Chasing The Big One: Ryan Preece To Start 25th In Fifth Daytona 500 Appearance On Sunday

Ryan Preece poses on the grid during qualifying for the NASCAR Cup Series Daytona 500 at Daytona International Speedway on Wednesday. (Photo: Jared C. Tilton/Getty Images)

Ryan Preece finished 13th in the first 150-mile qualifying duel event Thursday at Daytona International Speedway. 

The twin Bluegreen Vacations Duels on Thursday set the the starting field for Sunday’s Daytona 500. Preece, a former NASCAR Whelen Modified Tour champion and Berlin native, will start 25th in the Daytona 500.

“We have a really good Ford Mustang,” Preece said. “With there being four Fords in the [qualifying] race, I tried to stick with Joey [Logano] and Chris [Buescher] and Todd [Gilliland] and, ultimately, we were playing the [fuel] saving game so much that we lost a lot of track position. But our cars are going to be fast. I’m not worried. I’m just going to race the heck out of everybody on Sunday.”

Preece will be making his fifth start in the Great American Race. 

“Most sports have one of their biggest events at the end of the season, where ours is – I don’t want to say it’s the biggest one at the beginning of the season, but it pretty much is,” Preece said. “That’s the crown jewel event that every driver – we all want to win every race, but if you can put that on your resume and be a Daytona 500 winner, that’s a huge deal. Obviously, each and every one of us wants to go out there and do that, and I feel not necessarily more pressure, but knowing how fast our superspeedway cars were last year, I feel really good going into it.”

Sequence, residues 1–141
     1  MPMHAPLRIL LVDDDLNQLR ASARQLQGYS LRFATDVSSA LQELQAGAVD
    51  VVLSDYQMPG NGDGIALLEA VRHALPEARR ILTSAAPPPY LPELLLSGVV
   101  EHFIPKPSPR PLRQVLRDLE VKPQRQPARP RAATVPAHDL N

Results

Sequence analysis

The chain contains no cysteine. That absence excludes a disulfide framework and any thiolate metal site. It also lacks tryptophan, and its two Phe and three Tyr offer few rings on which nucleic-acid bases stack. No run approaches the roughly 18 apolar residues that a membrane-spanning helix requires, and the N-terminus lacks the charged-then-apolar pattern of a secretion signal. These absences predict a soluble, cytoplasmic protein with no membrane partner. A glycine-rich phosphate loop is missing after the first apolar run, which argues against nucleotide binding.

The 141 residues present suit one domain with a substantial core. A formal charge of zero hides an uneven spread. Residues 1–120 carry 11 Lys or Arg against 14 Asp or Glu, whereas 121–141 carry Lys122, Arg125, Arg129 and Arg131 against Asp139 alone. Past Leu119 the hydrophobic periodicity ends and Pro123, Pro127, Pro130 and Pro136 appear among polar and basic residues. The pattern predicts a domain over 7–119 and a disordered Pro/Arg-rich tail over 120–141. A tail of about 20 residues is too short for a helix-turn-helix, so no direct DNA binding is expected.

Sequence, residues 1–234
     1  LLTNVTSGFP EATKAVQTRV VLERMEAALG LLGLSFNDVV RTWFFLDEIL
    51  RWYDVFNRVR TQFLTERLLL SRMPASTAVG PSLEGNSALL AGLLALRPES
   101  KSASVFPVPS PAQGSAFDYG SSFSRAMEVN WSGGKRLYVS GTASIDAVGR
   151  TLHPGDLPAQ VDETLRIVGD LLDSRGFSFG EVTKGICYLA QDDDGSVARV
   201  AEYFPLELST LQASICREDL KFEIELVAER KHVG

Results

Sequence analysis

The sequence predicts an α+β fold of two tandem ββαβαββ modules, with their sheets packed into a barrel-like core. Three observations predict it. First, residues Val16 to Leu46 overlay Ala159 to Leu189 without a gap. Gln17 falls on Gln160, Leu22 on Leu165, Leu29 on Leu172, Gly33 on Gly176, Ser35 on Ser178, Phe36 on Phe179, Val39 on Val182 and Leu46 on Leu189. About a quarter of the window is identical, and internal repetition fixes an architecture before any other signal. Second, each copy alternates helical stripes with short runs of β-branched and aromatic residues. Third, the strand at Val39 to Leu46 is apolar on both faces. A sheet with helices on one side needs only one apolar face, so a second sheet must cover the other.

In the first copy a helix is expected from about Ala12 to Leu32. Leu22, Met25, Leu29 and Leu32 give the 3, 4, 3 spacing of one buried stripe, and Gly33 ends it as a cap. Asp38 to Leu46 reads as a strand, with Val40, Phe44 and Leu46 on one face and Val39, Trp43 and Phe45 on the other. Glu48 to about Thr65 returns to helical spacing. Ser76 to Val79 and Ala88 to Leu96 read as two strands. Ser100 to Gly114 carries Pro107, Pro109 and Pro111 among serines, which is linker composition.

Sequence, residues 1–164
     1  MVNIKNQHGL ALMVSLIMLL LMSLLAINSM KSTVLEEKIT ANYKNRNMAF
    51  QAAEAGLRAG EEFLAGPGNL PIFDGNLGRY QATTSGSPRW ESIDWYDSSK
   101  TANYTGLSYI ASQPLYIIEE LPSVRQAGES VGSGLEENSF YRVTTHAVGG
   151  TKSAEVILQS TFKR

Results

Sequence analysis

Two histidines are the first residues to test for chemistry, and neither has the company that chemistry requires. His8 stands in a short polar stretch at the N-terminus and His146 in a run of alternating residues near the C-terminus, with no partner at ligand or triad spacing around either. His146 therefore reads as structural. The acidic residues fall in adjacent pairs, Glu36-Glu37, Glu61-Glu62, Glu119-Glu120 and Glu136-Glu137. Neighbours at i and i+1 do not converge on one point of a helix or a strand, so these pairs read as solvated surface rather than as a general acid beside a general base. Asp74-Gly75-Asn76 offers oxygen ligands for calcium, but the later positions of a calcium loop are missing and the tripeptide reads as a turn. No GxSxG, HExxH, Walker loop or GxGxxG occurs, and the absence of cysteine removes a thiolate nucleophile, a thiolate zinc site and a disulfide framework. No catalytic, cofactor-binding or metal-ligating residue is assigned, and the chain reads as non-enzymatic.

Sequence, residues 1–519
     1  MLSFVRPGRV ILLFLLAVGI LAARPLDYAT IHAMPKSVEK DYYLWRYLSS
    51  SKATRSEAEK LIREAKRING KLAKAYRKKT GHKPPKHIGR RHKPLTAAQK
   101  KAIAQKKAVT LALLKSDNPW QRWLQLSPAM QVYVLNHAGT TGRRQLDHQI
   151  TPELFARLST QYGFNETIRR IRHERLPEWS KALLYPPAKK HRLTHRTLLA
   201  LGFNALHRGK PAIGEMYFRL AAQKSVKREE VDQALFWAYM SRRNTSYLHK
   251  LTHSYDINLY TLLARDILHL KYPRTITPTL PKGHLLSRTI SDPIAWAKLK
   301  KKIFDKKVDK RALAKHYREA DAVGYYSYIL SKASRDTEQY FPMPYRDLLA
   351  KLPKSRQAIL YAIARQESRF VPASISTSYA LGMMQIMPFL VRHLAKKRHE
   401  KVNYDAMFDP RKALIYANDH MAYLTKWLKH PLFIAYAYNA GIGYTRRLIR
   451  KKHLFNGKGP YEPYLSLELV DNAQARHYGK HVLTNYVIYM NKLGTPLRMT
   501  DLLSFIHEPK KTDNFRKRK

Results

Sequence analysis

Preece had an eighth place finish in his Daytona 500 debut in 2019 and was sixth in the event in 2021.

“I think just starting the season out strong is the big thing,” Preece said. “The beginning of these seasons can really dictate how the middle of your season is also going to go and how much of a hole you may or may not have to dig out of. And with it being superspeedways that we’re starting at, those are two wild cards, so to speak, and I think it’s going to be really important to put yourself in good positions. But at the same time, I don’t want to say points racing, but you’ve got to make sure you don’t put yourself in a bad position and put yourself in a hole to start the season.”

Preece’s last Cup Series event at Daytona in August of last year was one that few will ever forget. Preece was involved in one of the most violent single car wrecks ever seen at the track, getting airborne and flipping wildly numerous times. Preece said he has no trepidation about keeping at the track even after the historic crash.

“I think we all understand the risks that we take,” Preece said. “I chose this profession for a reason, so if I’m afraid to drive a race car and get the max potential I can, then I should probably retire and just quit. … I think that was probably about as vicious of a wreck as you can get, and to see the car really hold up to those conditions, it makes you feel better as a race car driver. But obviously in our sport, we continue to evolve and continue to try and make things better, so it was also nice to see some things that we could continue to work on.”

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